LOS ANGELES – When a panel organized by the American Heart Association’s Stroke Council recently revised the group’s guideline for early management of acute ischemic stroke, they were clear on the overarching change they had to make: Incorporate recent evidence collected in two trials that established brain imaging as the way to identify patients eligible for clot removal treatment by thrombectomy, a change in practice that has made this outcome-altering intervention available to more patients.
“The major take-home message [of the new guideline] is the extension of the time window for treating acute ischemic stroke,” said, chair of the guideline group (Stroke. 2018 Jan 24. ).
Based on recently reported results from the DAWN () and DEFUSE 3 (N Engl J Med. 2018 Jan 24. ) trials “we know that there are patients out to 24 hours from their stroke onset who may benefit” from thrombectomy. “This is a major, major change in how we view care for patients with stroke,” Dr. Powers said in a . “Now there’s much more time. Ideally, we’ll see smaller hospitals develop the ability to do the imaging” that makes it possible to select acute ischemic stroke patients eligible for thrombectomy despite a delay of up to 24 hours from their stroke onset to the time of thrombectomy, said Dr. Powers, professor and chair of neurology at the University of North Carolina, Chapel Hill.
The big priority for the stroke community now that this major change in patient selection was incorporated into a U.S. practice guideline will be acting quickly to implement the steps needed to make this change happen, Dr. Powers and others said.
“The 2015 thrombectomy trials were a big step forward, but we’ve still been constrained by the time window. Allowing treatment out to 24 hours is a tremendous advance,” commented, professor and chair of neurology at Brown University in Providence, R.I., who coauthored an editorial that accompanied the new guideline (Stroke. 2018 Jan 24. . “This radically changes how we approach patients with stroke. It’s a major step forward,” but it also means “a lot of collaboration and thinking through systems of care” to try to implement what the guideline now calls for, she said in an interview. “You need a protocol and to have people look for” the patients who meet the new imaging criterion for receiving thrombectomy. But the stroke community has recently been readying for this moment. People are poised to act on this very quickly,” Dr. Furie said.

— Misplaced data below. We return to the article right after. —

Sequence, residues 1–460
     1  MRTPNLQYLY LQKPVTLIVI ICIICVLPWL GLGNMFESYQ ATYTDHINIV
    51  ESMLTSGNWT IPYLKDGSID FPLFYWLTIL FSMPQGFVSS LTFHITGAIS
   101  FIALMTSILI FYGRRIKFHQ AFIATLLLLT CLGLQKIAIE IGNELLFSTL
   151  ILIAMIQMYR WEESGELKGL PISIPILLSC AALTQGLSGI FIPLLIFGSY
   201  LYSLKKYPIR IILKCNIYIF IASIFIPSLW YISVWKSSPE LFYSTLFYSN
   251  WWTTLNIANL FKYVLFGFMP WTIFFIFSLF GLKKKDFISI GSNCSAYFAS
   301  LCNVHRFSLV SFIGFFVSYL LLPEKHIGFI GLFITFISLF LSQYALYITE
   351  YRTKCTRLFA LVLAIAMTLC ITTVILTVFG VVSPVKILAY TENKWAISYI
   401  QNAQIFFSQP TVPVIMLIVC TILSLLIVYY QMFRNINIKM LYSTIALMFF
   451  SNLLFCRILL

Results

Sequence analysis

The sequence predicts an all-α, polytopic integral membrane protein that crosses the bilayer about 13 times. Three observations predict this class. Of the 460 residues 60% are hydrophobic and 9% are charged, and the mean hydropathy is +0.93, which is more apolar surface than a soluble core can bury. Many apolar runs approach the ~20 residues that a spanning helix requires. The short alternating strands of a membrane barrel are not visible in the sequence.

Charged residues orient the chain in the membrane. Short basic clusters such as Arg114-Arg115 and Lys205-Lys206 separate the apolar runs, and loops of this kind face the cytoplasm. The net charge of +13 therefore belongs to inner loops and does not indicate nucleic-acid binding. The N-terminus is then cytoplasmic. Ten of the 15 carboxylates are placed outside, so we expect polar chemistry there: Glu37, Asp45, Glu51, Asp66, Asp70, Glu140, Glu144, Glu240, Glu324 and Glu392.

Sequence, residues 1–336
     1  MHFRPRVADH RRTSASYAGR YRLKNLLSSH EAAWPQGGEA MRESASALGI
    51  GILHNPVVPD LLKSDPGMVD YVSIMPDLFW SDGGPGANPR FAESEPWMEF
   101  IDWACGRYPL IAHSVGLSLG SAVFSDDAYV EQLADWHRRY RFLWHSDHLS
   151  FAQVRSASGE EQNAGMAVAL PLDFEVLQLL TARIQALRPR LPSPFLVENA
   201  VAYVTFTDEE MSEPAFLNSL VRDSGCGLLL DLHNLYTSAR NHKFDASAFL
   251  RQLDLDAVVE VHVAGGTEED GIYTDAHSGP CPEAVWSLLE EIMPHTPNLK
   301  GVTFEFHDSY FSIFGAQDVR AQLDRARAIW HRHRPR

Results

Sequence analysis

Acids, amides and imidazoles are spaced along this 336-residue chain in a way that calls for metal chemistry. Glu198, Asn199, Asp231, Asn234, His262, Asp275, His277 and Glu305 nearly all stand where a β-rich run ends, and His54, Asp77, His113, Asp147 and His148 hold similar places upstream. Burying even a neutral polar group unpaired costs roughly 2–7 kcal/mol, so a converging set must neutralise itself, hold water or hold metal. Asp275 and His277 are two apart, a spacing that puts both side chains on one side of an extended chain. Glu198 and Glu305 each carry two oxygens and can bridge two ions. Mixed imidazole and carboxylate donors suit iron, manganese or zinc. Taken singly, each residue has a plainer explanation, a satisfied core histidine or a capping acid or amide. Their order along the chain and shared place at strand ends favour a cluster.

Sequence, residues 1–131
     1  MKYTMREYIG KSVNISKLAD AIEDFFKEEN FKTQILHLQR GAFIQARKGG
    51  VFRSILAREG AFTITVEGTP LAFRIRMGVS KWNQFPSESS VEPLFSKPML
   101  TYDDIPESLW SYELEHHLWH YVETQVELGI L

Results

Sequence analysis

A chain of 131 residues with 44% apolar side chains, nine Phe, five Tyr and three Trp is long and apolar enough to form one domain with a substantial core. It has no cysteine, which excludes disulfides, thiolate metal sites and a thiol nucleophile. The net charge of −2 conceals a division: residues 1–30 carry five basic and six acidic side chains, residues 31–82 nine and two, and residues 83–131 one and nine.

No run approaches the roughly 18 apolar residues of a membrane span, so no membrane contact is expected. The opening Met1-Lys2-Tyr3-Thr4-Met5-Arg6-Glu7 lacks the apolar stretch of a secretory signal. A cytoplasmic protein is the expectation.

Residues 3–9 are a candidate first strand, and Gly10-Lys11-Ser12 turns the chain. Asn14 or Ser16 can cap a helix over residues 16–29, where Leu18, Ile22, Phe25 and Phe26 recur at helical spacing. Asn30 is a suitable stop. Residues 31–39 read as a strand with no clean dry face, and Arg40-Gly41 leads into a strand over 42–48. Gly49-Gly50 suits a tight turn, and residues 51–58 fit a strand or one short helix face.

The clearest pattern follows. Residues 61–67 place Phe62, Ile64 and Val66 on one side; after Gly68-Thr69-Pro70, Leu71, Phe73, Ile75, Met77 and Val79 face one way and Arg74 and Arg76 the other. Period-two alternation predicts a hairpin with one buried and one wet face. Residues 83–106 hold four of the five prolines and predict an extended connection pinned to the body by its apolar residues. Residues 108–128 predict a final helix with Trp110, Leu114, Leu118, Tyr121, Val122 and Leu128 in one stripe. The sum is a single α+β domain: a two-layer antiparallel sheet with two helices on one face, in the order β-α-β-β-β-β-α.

The new guideline will mean “changes in process and systems of care,” agreed, professor of neurology and director of the stroke unit at the University of California, Los Angeles. The imaging called for “will be practical at some primary stroke centers but not others,” he said, although most hospitals certified to provide stroke care as or have a CT scanner that could provide the basic imaging needed to assess many patients. (CT angiography and perfusion CT are more informative for determining thrombectomy eligibility.) But interpretation of the brain images to distinguish patients eligible for thrombectomy from those who aren’t will likely happen at comprehensive stroke centers that perform thrombectomy or by experts using remote image reading.
The new guideline will also require changes in the algorithms emergency medicine technicians use to decide where to transport a stroke patient, and improvements in the systems that transport patients from smaller hospitals that do imaging to larger centers that perform thrombectomy, Dr. Saver said. “The current system is terrible at making that transfer. We need to improve door-in/door-out time. It’s been done for patients with ST-elevation MI, and now it must be done for stroke patients.”
Dr. Saver expects that the new guideline will translate most quickly into changes in the imaging and transfer protocols that the Joint Commission may now require from hospitals certified as primary stroke centers or acute stroke-ready hospitals, changes that could be in place sometime later in 2018, he predicted. These are steps “that would really help drive system change.”
Dr. Powers and Dr. Furie had no disclosures. Dr. Saver has received research support and personal fees from Medtronic-Abbott and Neuravia.
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